Others adopted the city or town arms with a little modification: King Edward VII Grammar School, King's Lynn, Norfolk used the town arms (Azure, three dragons' heads erased and erect Or, in the mouth of each a cross-crosslet fitchy of the last) but on a navy-blue background rather than on the heraldic Azure. The former Cambridge Grammar School for Boys took over the elaborate city arms but changed the three ships ... Sable to three brown ships and the two roses Argent to two pale blue stars; it kept the sea-horse supporters but omitted the crest. The badge of Chingford Foundation School, Essex includes some elements of the arms of Waltham Forest, the borough in which the school is situated, but omits others: the three oak trees at the top of the borough shield are not present, but the stag's head and crown are retained and to them have been added a wavy band, suggested by the chief wavy of the borough arms and symbolising the River Lea, and an upright scimitar, derived from the three seaxes fesswise (three horizontal scimitars) which appear on the arms of Essex County Council. Highams Park School, also in Waltham Forest, again uses the stag's head but places an open book (for learning) between its antlers and two crossed oak sprigs with leaves and acorns (symbolising the forest) beneath the head.

The former Tulse Hill Comprehensive School, in the London Borough of Lambeth, had a badge derived not from the borough's shield of arms itself but entirely from the crest above it. The crest consists of an Agnus Dei, signifying the fact that the Archbishops of Canterbury have had a residence in Lambeth since the thirteenth century, above a blue and white wavy bar, symbolising the River Thames. The school put the wavy bar within a shield shape and placed the Agnus Dei above it, the whole placed on the black background of the blazer and school cap). Arms might also be taken from other sources, often without permission - 'usurping arms', as they are termed. My own grammar school at Luton took over the (defunct) arms of William Wallingford, Abbot of St Albans, 1476-92: Gules, a chevron between three clusters of wheat each containing three ears Or, although the school badge as worn on the navy blazer and school cap had a yellow bordure (border) not present on the original. Dartford Grammar School, Kent adopted a modified form of the arms of the See of Canterbury (Azure, an archiepiscopal staff in pale Or surmounted of a pallium Argent fringed of the second and charged with four crosses patty fitchy Sable) for displays on stationery and the like and devised a much simpler form of the same arms for use as a blazer (and formerly cap) badge; the last employed a 'spade'-shield, a favourite form in the 19th century, and added the letters DGS in Gothic script beneath the shield.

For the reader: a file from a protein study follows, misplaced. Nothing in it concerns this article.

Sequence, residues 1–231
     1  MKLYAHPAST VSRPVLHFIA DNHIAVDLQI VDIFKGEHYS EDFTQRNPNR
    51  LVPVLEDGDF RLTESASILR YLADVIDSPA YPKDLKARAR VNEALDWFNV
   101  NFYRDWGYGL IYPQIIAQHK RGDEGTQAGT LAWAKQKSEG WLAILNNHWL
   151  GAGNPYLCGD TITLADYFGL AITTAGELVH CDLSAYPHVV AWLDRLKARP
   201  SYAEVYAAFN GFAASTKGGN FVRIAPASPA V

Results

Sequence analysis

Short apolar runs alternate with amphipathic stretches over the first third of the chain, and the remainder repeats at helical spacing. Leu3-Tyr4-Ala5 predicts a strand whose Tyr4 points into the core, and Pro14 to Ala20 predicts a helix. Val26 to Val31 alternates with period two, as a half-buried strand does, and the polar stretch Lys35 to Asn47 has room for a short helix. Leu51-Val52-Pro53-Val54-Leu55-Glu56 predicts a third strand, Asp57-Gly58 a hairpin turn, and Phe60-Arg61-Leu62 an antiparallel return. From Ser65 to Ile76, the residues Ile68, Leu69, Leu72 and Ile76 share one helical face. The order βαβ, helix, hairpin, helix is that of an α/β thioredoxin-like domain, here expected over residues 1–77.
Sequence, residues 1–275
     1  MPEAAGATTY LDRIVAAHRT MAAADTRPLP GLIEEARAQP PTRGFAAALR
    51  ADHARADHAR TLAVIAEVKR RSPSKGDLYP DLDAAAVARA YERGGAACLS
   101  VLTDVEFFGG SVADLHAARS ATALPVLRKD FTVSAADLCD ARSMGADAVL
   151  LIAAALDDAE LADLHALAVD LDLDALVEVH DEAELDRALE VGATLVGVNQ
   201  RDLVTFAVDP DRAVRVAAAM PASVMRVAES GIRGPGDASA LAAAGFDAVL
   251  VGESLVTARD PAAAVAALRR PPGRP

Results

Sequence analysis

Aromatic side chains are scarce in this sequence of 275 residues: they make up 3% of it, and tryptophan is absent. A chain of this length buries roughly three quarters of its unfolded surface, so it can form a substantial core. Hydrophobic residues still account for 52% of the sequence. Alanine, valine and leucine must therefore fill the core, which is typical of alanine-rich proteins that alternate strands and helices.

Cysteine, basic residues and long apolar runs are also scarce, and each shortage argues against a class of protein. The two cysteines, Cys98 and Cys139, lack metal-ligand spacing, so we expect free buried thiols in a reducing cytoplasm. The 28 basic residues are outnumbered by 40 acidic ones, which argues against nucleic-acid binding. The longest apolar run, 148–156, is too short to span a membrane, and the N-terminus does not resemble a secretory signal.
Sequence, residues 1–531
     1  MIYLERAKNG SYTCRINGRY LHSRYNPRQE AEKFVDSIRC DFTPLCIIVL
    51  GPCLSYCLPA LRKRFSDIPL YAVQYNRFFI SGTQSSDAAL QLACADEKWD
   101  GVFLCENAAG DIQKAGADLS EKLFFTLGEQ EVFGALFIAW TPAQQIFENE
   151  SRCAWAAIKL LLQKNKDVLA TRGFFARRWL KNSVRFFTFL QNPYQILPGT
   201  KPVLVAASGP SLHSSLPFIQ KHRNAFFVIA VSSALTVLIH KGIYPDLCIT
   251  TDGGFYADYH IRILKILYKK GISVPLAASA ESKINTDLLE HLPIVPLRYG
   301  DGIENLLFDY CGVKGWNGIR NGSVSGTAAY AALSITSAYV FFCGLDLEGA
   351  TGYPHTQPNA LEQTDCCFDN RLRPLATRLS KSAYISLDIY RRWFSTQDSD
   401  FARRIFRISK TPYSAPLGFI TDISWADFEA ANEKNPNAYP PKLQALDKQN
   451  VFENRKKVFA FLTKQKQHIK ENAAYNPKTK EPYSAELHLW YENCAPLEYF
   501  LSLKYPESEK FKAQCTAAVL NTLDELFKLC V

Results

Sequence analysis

With rather more justification, schools actually affiliated with a cathedral may adopt the arms of the See, as at King's School, Rochester, Kent (Argent, on a saltire Gules an escallop Or) or those of the Dean and Chapter, as at the Canterbury Cathedral Choir School, Kent, now absorbed within St Edmund's School, Canterbury (Azure, on a cross Argent the letters I/X Sable: the letters are the initials of Jesus Christ in Greek: IESOUS CHRISTOS).

Terence Paul Smith

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Created: April 29, 2002
Last updated: April 29, 2002